The judge did not err in ruling that the defendant could not invoke the New York usury law (N.Y. Gen. Oblig. Law Section 5-501 [as amended through 1970 N.Y. Laws c. 611, Section 2], as implemented by N.Y. Banking Law Sections 14-a and  [as amended through 1973 N.Y. Laws c. 667, Section 1, and c. 1055, Section 1], and made applicable to licensed branches of foreign banks by N.Y. Banking Law Section 202 [as amended through 1969 N.Y. Laws c. 1141, Section 3]) to avoid payment of principal and interest (at 9 3/4 per cent per annum) due on its note to the plaintiff. It is not disputed that the defendant, as a Massachusetts business trust, is an "association" as that word is defined in N.Y. Gen. Ass'ns Law, Art. I, Section 2(4), as appearing in 1938 N.Y. Laws c. 13, Section 1 (and also as that word is used in G. L. c. 182, Section 1). We can think of no plausible reason why it should not be considered an "association" within the meaning of N.Y. Gen. Oblig. Law Section 5-521(1), as amended by 1965 N.Y. Laws c. 328, Section 6, which provides: "No corporation shall hereafter interpose the defense of usury in any action. The term corporation, as used in this section, shall be construed to include all associations, and joint-stock companies having any of the powers and privileges of corporations not possessed by individuals or partnerships." We need not decide whether the language, "having any of the powers and privileges of corporations not possessed by individuals or partnerships," is to be read as modifying the word "association," for it is clear that business trusts as a class fall within that language. See State St. Trust Co. v. Hall, 311 Mass. 299 , 301-303 (1942). See also Mulloney v. United States, 79 F.2d 566, 577 (1st Cir.), cert. denied, 296 U.S. 658 (1935); Bomeisler v. M. Jacobson & Sons Trust, 118 F.2d 261, 265 (1st Cir.), cert. denied, 314 U.S. 630 (1941); Swartz v. Sher, 344 Mass. 636 , 639 (1962), and authorities cited. As the case presented no genuine issue of material fact, the judge did not err in entering judgment under the provisions of Mass.R.Civ.P. 56(c), 365 Mass. 824 (1974). We cannot regard the appeal as other than frivolous and intended for delay. See G. L. c. 211A, Section 15.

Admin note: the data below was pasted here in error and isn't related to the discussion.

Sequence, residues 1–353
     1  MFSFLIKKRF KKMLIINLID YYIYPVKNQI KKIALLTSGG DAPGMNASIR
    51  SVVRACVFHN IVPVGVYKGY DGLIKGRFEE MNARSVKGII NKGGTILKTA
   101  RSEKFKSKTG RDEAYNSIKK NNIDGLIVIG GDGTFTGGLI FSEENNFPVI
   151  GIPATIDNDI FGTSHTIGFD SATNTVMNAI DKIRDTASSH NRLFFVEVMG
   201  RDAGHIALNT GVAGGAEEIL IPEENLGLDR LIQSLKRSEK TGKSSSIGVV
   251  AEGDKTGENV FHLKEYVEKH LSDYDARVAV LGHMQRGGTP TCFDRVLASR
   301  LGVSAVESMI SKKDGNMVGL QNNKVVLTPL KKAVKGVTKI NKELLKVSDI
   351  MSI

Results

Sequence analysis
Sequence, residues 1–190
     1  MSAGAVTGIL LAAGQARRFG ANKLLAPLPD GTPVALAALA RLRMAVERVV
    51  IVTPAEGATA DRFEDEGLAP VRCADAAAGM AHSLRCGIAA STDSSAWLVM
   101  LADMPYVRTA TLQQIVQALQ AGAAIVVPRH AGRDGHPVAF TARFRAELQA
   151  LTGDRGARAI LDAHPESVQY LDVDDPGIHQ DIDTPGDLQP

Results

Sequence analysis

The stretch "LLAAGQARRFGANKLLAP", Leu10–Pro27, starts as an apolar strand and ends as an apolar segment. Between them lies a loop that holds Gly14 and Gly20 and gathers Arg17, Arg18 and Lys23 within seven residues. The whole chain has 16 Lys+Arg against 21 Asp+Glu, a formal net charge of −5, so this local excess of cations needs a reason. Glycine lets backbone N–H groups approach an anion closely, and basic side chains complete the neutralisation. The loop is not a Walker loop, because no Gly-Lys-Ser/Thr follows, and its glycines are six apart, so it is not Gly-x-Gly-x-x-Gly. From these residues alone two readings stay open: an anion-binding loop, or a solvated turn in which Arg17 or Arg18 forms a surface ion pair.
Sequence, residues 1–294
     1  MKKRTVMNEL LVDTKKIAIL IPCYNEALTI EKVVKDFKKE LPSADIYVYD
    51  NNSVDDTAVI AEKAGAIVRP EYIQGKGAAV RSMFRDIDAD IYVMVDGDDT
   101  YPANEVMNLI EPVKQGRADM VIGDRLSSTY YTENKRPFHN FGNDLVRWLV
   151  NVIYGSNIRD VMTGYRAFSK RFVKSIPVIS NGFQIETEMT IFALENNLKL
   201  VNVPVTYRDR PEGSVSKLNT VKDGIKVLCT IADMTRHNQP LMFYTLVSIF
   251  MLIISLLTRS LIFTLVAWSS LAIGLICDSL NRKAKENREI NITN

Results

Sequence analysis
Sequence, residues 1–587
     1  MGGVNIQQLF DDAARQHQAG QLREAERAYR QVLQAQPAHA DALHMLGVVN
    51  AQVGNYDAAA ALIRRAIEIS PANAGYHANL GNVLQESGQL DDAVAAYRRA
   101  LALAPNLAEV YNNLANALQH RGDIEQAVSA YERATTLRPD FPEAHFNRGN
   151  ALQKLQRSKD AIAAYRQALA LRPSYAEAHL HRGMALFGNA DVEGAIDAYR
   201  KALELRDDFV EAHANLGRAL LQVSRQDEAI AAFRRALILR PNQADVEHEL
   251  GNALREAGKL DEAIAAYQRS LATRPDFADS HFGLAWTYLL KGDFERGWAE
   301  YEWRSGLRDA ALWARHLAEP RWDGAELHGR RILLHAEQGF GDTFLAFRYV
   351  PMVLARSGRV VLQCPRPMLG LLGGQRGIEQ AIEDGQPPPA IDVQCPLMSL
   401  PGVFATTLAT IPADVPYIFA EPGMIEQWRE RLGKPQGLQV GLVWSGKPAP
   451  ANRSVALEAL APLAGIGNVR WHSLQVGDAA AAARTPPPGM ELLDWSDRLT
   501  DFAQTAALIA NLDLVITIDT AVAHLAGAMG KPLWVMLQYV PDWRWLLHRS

Judgment affirmed with double costs and interest at twelve per cent from date of appeal.
After the decision of the Supreme Judicial Court in Arlington v. Board of Conciliation and Arbitration, 370 Mass. 769 (1976), a judge of the Superior Court entered judgments for the defendants confirming the arbitrators' awards and ordering the town to pay the amounts awarded "without interest and without costs." The collective bargaining
representatives of the affected employees have appealed, contending that the omission of interest and costs on appeal was erroneous. 1. These cases fall within the usual rule that arbitrators' awards constitute unliquidated claims on which the parties in whose favor the awards have been made are entitled to interest from the date application is first made to the court for confirmation of the awards. Glenn Acres, Inc. v. Cliffwood Corp., 353 Mass. 150 , 156 (1967), and cases cited. The case of Trustees of B. & Me. Corp. v. Massachusetts Bay Transp. Authy., 367 Mass. 57 (1975), on which the town relies, fell outside the usual rule because the arbitrator's award which was confirmed in that case, unlike those before us, did not involve "an unconditional order that one party pay the other a specific sum of money." 367 Mass. at 61. 2. We see no reason to exclude reported cases from the application of Mass.R.A.P. 26, 365 Mass. 873 (1974), governing the award of costs on appeal, particularly in light of the language of Mass.R.A.P. 5, 365 Mass. 847 (1974), that "[a] report of a case for determination by an appellate court shall for all purposes under these rules be taken as the equivalent of a notice of appeal" (emphasis supplied). The Supreme Judicial Court having sustained the position of the defendants and having made no express order with respect to costs, the defendants were entitled by operation of Mass.R.A.P. 26(a) to their costs in the Supreme Judicial Court as if on appeal. The judgments are to be modified by adding thereto provisions for interest and costs in accordance herewith.